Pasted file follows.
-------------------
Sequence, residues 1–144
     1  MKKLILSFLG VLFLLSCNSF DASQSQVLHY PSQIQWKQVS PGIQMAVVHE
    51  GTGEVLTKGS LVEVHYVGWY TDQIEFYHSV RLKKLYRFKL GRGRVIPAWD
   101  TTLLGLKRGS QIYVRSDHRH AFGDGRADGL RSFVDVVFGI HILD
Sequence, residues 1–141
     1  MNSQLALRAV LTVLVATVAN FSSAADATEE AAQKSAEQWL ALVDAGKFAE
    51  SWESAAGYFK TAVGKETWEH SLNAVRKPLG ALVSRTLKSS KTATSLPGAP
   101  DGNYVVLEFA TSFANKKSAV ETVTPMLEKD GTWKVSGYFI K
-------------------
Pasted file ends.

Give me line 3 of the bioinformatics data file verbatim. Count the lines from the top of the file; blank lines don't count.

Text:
    51  GTGEVLTKGS LVEVHYVGWY TDQIEFYHSV RLKKLYRFKL GRGRVIPAWD